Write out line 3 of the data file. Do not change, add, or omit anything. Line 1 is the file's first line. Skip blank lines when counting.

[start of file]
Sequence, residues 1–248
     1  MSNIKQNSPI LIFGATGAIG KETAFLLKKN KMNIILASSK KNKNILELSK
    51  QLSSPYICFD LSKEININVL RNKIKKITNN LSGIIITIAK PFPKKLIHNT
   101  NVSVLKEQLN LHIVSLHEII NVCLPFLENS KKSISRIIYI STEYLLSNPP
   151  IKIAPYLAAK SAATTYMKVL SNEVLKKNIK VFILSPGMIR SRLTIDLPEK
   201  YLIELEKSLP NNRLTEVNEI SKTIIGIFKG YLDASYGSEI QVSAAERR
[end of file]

    51  QLSSPYICFD LSKEININVL RNKIKKITNN LSGIIITIAK PFPKKLIHNT